Country assessments A-Z
Key findings in 2016
|Percentage of respondents that agree or strongly agree with the following statements||Azerbaijan||Transition region average||Germany||Italy|
|Economic situation better than 4 years ago||49||24||33||7|
|Political situation better than 4 years ago||58||28||17||9|
|Household lives better than 4 years ago||52||29||28||10|
|There is less corruption than 4 years ago||59||23||16||10|
|Satisfied with personal financial situation||42||31||55||33|
Satisfaction with the situation at the country level and with personal circumstances
49 and 58 per cent of respondents believe that the economic and political situation in Azerbaijan was better in 2016 than four years prior to the survey, two of the highest figures for their respective categories in the transition region. Moreover, 59 per cent of those surveyed think that there was less corruption in 2016 than in the four years before the survey, the second highest percentage in the transition region.
Just over half of the Azerbaijani respondents believe that their households lived better in 2016 than they did four years prior to the survey. In addition, 42 per cent report that they are satisfied with their current personal financial situation, a value significantly above the transition region average of 31 per cent.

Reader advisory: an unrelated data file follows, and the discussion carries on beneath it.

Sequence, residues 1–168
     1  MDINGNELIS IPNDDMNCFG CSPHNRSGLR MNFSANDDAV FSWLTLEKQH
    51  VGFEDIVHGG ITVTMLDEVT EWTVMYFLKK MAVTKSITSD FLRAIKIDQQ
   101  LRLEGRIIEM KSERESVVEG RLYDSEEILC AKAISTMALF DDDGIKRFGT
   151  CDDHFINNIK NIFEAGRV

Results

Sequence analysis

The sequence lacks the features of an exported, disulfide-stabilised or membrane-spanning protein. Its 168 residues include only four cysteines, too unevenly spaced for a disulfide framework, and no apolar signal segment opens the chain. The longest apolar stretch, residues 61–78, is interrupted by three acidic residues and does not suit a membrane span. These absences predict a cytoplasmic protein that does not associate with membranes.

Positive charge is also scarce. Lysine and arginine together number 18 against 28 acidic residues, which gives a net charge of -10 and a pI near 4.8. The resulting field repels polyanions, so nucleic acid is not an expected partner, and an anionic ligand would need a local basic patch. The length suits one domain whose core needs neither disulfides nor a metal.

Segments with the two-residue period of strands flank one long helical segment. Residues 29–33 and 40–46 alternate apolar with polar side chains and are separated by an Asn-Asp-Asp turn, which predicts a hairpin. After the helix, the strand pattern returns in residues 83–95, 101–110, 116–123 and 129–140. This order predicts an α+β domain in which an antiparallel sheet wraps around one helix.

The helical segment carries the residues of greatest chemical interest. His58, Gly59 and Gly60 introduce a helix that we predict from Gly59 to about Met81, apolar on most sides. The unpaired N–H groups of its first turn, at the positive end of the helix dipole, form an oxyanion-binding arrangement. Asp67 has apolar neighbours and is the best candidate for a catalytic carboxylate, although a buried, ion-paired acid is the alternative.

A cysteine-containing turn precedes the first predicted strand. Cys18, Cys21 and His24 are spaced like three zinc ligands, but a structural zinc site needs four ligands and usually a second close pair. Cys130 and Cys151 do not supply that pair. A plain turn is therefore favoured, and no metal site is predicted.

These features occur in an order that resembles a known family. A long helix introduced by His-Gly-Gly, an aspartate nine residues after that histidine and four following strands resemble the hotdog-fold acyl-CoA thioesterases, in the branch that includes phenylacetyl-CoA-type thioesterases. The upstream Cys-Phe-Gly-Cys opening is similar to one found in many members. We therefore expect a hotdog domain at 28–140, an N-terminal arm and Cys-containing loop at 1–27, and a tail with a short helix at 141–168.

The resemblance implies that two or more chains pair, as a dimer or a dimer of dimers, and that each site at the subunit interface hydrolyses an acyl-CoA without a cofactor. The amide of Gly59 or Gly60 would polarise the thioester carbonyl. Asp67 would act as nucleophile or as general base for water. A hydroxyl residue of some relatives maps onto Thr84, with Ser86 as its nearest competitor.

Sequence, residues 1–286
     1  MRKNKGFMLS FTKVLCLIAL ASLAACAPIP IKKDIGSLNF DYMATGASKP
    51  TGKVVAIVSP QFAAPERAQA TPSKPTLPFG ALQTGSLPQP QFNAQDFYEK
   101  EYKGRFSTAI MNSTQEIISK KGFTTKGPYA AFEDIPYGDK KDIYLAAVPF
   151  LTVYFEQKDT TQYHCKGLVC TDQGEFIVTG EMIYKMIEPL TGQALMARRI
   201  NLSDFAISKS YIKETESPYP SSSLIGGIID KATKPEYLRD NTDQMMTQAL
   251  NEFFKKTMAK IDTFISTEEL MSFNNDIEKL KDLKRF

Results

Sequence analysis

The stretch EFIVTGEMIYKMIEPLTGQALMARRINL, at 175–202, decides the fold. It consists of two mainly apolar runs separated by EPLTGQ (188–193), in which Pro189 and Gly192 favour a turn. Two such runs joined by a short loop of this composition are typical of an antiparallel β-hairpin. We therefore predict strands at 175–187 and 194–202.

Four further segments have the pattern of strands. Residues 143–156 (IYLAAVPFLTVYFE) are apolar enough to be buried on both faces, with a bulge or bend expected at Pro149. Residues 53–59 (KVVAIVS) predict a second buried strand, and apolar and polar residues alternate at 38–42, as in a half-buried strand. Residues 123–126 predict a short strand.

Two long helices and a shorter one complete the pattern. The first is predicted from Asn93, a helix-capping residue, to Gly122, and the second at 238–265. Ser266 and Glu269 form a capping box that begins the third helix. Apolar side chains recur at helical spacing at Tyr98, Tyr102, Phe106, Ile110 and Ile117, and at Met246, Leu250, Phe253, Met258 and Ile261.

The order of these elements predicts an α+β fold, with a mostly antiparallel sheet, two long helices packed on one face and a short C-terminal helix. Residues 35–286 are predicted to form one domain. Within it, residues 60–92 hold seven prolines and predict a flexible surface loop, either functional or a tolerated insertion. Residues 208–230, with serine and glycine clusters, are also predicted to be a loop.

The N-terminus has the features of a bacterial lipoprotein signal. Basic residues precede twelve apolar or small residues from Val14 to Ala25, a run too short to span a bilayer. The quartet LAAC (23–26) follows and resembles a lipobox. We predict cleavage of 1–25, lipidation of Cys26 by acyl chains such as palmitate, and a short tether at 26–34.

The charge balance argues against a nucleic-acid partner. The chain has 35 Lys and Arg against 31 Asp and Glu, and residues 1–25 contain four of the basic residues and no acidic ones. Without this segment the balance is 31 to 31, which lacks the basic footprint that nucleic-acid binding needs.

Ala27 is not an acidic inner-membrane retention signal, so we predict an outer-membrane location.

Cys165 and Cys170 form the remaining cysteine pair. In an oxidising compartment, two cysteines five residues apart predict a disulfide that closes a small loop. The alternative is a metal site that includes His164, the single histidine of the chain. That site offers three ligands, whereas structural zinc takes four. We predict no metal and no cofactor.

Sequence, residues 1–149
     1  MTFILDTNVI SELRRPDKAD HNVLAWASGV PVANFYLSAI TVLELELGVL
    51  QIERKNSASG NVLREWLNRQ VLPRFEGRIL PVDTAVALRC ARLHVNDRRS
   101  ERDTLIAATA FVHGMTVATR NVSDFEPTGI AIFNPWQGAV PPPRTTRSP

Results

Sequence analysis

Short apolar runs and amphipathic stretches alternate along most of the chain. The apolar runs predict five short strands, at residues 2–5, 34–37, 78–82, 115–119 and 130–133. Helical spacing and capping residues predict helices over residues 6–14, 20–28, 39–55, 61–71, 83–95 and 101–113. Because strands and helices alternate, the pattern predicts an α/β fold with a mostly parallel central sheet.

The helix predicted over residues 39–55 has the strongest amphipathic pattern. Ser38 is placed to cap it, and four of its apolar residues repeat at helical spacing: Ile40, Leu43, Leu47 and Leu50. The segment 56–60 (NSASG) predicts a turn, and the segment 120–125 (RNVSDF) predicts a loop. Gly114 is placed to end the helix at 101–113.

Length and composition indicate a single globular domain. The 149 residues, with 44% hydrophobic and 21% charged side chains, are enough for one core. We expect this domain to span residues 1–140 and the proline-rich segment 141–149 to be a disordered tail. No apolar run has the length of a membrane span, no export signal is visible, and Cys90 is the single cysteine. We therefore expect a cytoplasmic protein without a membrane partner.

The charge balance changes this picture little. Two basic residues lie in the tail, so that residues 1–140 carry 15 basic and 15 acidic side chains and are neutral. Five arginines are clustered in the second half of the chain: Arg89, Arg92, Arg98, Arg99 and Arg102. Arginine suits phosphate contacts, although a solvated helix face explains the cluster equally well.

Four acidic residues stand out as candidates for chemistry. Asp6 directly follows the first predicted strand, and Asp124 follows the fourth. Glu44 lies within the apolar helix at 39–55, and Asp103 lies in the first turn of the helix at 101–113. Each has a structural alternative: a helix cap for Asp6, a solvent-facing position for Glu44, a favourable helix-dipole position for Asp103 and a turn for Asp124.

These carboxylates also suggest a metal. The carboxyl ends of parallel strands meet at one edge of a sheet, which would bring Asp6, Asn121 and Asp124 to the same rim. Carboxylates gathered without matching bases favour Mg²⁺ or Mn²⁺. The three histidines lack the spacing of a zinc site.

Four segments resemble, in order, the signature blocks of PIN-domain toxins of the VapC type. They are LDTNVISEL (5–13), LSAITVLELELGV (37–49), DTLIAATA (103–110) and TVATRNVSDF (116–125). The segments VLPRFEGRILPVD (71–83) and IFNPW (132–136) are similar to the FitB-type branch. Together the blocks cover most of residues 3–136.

Life satisfaction in Azerbaijan has improved since the last survey, from 42 per cent in 2010 to 53 per cent in 2016, a figure that is now well above the corresponding ones for the transition region and Italy (43 and 42 per cent, respectively) but still below the German figure (72 per cent). Life satisfaction has increased almost uniformly across all age and income groups, except in the upper income group where life satisfaction has decreased from 54 per cent in 2010 to 43 per cent in 2016.
Lastly, optimism about the future remains higher than in the transition region as a whole, and in Germany and Italy, with 62 per cent of Azerbaijani respondents believing that children born now will have a better life than the current generations.
Attitudes towards democracy and the market economy